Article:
There are no hockey sticks waving around on NHL ice this holiday season, but travel to Banff National Park in Alberta, Canada, and you'll see plenty of them. The game? Keeping elk at a safe distance from their adoring fans.
Researchers at the University of Alberta have found a way to keep elk in the park's townsite from clashing with tourists, but still close enough that they can be viewed and enjoyed in their wild habitat.
"This is win-win ecology," said Dr. Colleen Cassady St. Clair, a professor of biological sciences. By subjecting the animals to pyrotechnic noisemakers and herding dogs, the research team was able to increase the distance at which the elk to take flight from approaching humans. The management strategy has since been put into use by Banff park wardens using hockey sticks. By high-sticking--raising the sticks above their heads, the wardens appear larger than the elk, which is enough to frighten the wary animal away and help prevent potential classes with humans.
The approach teaches elk to have a healthy respect for people, while accommodating the animals' need for high-quality forage around the townsite. St. Clair and M.Sc. student Elsabe Kloppers, the lead researchers on the three-year project, were able to stickhandle their way to success through aversive conditioning; or getting the elk to avoid certain unpleasant stimuli--in this case an aggressive chase--and punishing them with this same stimuli for certain behaviours. A few dozen of Banff's habituated elk were divided into three groups. When they were within the town boundary, two of these groups were chased for 15 minutes by border collies--known for their herding skills--or by humans making noise. The third group of animals served as a control to measure the responses.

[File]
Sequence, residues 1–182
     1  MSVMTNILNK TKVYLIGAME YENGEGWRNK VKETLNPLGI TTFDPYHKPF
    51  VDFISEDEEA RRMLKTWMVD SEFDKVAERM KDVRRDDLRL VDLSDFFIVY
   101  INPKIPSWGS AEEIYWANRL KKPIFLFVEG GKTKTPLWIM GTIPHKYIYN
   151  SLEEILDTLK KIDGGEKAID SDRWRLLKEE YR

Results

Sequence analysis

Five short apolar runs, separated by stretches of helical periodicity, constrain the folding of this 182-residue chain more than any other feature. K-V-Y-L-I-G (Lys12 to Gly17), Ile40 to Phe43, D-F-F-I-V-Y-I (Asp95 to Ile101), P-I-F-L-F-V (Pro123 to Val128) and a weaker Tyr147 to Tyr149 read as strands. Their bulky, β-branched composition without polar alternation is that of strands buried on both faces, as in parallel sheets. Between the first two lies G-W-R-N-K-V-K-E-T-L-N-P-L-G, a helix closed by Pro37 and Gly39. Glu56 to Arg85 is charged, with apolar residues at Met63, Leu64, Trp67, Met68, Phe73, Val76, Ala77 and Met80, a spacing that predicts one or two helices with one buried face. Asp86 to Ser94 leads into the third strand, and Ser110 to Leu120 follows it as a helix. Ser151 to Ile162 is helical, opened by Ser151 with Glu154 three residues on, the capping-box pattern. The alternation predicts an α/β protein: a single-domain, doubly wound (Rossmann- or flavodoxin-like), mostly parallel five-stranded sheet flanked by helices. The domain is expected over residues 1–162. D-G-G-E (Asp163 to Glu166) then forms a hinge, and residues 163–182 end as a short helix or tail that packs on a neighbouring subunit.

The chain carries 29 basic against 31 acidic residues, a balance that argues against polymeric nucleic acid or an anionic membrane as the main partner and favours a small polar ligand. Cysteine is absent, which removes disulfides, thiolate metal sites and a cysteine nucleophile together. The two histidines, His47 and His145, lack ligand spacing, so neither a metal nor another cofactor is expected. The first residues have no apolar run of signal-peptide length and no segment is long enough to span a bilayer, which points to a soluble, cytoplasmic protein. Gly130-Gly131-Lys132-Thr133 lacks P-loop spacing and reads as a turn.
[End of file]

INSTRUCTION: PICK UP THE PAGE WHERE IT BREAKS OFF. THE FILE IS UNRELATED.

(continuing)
It was determined that humans and dogs were both effective in increasing the distance in the elk's flight response, but humans were more effective at teaching elk to avoid the townsite.
St. Clair and Kloppers began studying the problem three years ago, when serious concerns were raised about incidents in Banff. Over the past decade, elk in the town had become increasingly used to people. By 2001, park staff were recording seven incidents per year where an animal had made physical contact with a human, often with resulting injuries to the person.
The presence of the elk was also drawing unwanted attention from other predators, such as wolves, posing another threat to humans.
The dilemma was to keep the elk at a safe distance, without having to either relocate them or destroy them--two options that had been used in the past.
"The problem is basically solved in Banff," St. Clair said, adding that similar solutions may be possible for elk in other areas and for other animals like bears that are prone to habitutation.
The above post is reprinted from materials provided by University Of Alberta. Note: Materials may be edited for content and length.
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